Journal article

Banks AM, Aminuddin F, Williams K, Batstone T, Barker GLA, Foster GD, Bailey AMet al., 2019, Genome sequence of lecanicillium fungicola 150-1, the causal agent of dry bubble disease, Microbiology Resource Announcements, Vol: 8, Pages: 1-2, ISSN: 2576-098X

The fungus Lecanicillium fungicola causes dry bubble disease in the white button mushroom Agaricus bisporus. Control strategies are limited, as both the host and pathogen are fungi, and there is limited understanding of the interactions in this pathosystem. Here, we present the genome sequence of Lecanicillium fungicola strain 150-1.

Journal article

Banks AM, Barker GLA, Bailey AM, Foster GDet al., 2017, Draft genome sequence of the coprinoid mushroom coprinopsis strossmayeri, Genome Announcements, Vol: 5, Pages: 1-2, ISSN: 2169-8287

Coprinopsis strossmayeri is a coprinoid mushroom favoring the habitat of herbivore dung. As a result of this highly competitive environment, C. strossmayeri is anticipated to produce a wide array of antimicrobial secondary metabolites (SMs) of potential pharmaceutical importance. Here, we present the draft genome sequence of C. strossmayeri.

Journal article

de Mattos-Shipley KMJ, Ford KL, Alberti F, Banks AM, Bailey AM, Foster GDet al., 2016, The good, the bad and the tasty: The many roles of mushrooms, Studies in Mycology, Vol: 85, Pages: 125-157, ISSN: 0166-0616

Fungi are often inconspicuous in nature and this means it is all too easy to overlook their importance. Often referred to as the “Forgotten Kingdom”, fungi are key components of life on this planet. The phylum Basidiomycota, considered to contain the most complex and evolutionarily advanced members of this Kingdom, includes some of the most iconic fungal species such as the gilled mushrooms, puffballs and bracket fungi. Basidiomycetes inhabit a wide range of ecological niches, carrying out vital ecosystem roles, particularly in carbon cycling and as symbiotic partners with a range of other organisms. Specifically in the context of human use, the basidiomycetes are a highly valuable food source and are increasingly medicinally important. In this review, seven main categories, or ‘roles’, for basidiomycetes have been suggested by the authors: as model species, edible species, toxic species, medicinal basidiomycetes, symbionts, decomposers and pathogens, and two species have been chosen as representatives of each category. Although this is in no way an exhaustive discussion of the importance of basidiomycetes, this review aims to give a broad overview of the importance of these organisms, exploring the various ways they can be exploited to the benefit of human society.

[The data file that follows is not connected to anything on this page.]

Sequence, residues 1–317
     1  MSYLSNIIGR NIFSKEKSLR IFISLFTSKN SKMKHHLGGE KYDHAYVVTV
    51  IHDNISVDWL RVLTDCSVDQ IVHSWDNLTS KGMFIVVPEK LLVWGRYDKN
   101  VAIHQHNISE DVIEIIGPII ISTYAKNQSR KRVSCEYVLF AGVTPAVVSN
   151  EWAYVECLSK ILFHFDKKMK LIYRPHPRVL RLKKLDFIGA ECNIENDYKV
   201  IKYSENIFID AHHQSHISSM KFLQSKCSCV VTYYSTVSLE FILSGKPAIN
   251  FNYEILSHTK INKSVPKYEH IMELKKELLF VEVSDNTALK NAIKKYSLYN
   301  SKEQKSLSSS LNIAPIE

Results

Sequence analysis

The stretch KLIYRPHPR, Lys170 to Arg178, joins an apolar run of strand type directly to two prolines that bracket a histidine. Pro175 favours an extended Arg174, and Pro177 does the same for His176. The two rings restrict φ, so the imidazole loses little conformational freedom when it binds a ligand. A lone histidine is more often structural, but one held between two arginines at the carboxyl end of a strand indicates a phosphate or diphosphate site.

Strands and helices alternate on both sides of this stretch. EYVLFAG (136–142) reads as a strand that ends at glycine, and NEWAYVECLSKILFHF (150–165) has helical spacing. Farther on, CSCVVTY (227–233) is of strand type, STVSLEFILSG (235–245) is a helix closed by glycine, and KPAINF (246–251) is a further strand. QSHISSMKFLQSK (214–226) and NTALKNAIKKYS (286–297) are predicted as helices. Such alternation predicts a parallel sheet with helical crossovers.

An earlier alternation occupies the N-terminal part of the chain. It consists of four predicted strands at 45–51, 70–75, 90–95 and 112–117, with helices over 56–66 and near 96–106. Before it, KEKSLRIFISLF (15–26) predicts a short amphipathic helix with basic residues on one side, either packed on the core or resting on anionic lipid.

Journal article